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Letters home ...

Traveling abroad for personal, educational or professional reasons?

Why not share your impressions — and those of residents of foreign countries about the United States — with Trib readers in 150 words?

The world's a big place. Bring it home with Letters Home.

Contact Colin McNickle (412-320-7836 or

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'American Coyotes' Series

Traveling by Jeep, boat and foot, Tribune-Review investigative reporter Carl Prine and photojournalist Justin Merriman covered nearly 2,000 miles over two months along the border with Mexico to report on coyotes — the human traffickers who bring illegal immigrants into the United States. Most are Americans working for money and/or drugs. This series reports how their operations have a major impact on life for residents and the environment along the border — and beyond.

Tuesday, Dec. 20, 2011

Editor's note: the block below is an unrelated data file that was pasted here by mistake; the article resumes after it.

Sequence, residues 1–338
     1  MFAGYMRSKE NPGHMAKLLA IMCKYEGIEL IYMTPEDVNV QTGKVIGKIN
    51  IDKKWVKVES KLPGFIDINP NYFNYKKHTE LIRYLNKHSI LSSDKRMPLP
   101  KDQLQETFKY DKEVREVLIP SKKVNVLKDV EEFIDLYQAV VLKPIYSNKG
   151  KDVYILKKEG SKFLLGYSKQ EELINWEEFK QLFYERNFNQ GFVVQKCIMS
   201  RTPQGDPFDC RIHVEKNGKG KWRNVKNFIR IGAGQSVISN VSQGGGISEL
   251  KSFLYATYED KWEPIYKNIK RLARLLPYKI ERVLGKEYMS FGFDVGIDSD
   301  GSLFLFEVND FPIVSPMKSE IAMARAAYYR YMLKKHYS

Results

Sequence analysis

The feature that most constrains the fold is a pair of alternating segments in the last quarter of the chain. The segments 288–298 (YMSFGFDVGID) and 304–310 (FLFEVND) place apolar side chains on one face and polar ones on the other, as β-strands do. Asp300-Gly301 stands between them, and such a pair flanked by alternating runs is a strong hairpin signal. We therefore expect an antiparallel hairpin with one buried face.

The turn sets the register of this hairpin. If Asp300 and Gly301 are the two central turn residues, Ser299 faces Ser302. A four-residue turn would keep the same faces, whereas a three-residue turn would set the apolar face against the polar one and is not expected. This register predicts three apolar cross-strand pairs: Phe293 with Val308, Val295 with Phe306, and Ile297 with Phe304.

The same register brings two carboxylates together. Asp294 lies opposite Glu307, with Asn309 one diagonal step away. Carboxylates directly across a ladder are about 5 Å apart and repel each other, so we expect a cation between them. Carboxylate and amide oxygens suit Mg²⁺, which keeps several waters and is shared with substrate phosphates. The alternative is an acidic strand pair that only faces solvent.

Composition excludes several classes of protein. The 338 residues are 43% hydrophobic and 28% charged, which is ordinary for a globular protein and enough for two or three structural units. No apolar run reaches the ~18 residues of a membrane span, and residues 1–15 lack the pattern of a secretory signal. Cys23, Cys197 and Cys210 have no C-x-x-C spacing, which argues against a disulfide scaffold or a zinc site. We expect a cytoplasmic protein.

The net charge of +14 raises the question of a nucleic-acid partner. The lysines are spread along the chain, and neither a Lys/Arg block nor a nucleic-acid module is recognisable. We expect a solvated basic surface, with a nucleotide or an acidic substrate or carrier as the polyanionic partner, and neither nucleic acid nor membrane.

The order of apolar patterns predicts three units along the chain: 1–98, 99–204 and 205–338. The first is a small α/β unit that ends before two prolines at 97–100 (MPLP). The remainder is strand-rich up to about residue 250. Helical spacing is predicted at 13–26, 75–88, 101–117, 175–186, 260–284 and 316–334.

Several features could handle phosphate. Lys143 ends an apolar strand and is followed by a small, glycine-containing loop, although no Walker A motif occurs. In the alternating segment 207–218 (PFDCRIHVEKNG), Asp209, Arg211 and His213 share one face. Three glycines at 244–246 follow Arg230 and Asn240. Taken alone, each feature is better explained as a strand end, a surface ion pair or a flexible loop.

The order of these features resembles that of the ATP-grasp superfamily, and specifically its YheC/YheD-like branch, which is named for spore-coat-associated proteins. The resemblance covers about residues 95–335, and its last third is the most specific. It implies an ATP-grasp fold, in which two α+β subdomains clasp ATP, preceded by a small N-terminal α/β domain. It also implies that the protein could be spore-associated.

Allegheny County would not be mired in the reassessment mess it is had R. Stanton Wettick, the senior Common Pleas judge overseeing the repeatedly court-ordered process, found county officials who thumbed their noses at the rule of law in contempt of court and jailed them for their delay tactics. Pssst! There's still that option, Judge Wettick. ... Is there anybody left in the commonwealth who isn't wondering if the latest public corruption charges lodged against one of the Sisters Orie are a prelude to state Supreme Court Justice Joan Orie Melvin being charged by Allegheny County prosecutors• Perhaps those named Orie but few others. ... Dan Onorato , the departing Allegheny County chief executive, has a new gig come Jan. 3 -- "chief external affairs and communications officer" for Highmark Inc. That's corporate jargon for "chief flack." Considering Dan, Dan the Tax Man's many verity-defying pronouncements as ACE, the axiom that the first casualty of public relations is the truth appears to be quite safe. ... We're not the biggest fans of Britain's Prince Charles. But Western Pennsylvanians so enamored with wind power should heed his recent remarks. The industry really exists only because of public subsidies, he says, and those insisting that wind power is one of the most cost-effective forms of renewable energy believe in "fairy tales." And that from a devout eco-wacko.

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